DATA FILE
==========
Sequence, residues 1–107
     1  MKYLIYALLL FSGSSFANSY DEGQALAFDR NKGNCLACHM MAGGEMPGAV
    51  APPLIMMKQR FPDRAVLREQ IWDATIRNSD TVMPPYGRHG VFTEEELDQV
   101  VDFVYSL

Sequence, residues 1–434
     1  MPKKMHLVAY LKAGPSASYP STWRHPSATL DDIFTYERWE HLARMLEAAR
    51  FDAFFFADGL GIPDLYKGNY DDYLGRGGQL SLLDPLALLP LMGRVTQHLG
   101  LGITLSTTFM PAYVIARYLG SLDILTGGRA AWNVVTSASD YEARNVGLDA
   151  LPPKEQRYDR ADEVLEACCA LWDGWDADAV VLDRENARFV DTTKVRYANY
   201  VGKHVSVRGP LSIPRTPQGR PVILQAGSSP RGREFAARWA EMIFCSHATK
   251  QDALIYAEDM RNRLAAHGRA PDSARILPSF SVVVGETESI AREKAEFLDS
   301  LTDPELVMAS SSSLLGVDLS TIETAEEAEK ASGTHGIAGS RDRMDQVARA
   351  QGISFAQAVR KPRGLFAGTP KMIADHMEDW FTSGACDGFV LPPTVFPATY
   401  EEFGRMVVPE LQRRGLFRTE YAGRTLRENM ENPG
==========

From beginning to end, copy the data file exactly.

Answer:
Sequence, residues 1–107
     1  MKYLIYALLL FSGSSFANSY DEGQALAFDR NKGNCLACHM MAGGEMPGAV
    51  APPLIMMKQR FPDRAVLREQ IWDATIRNSD TVMPPYGRHG VFTEEELDQV
   101  VDFVYSL

Sequence, residues 1–434
     1  MPKKMHLVAY LKAGPSASYP STWRHPSATL DDIFTYERWE HLARMLEAAR
    51  FDAFFFADGL GIPDLYKGNY DDYLGRGGQL SLLDPLALLP LMGRVTQHLG
   101  LGITLSTTFM PAYVIARYLG SLDILTGGRA AWNVVTSASD YEARNVGLDA
   151  LPPKEQRYDR ADEVLEACCA LWDGWDADAV VLDRENARFV DTTKVRYANY
   201  VGKHVSVRGP LSIPRTPQGR PVILQAGSSP RGREFAARWA EMIFCSHATK
   251  QDALIYAEDM RNRLAAHGRA PDSARILPSF SVVVGETESI AREKAEFLDS
   301  LTDPELVMAS SSSLLGVDLS TIETAEEAEK ASGTHGIAGS RDRMDQVARA
   351  QGISFAQAVR KPRGLFAGTP KMIADHMEDW FTSGACDGFV LPPTVFPATY
   401  EEFGRMVVPE LQRRGLFRTE YAGRTLRENM ENPG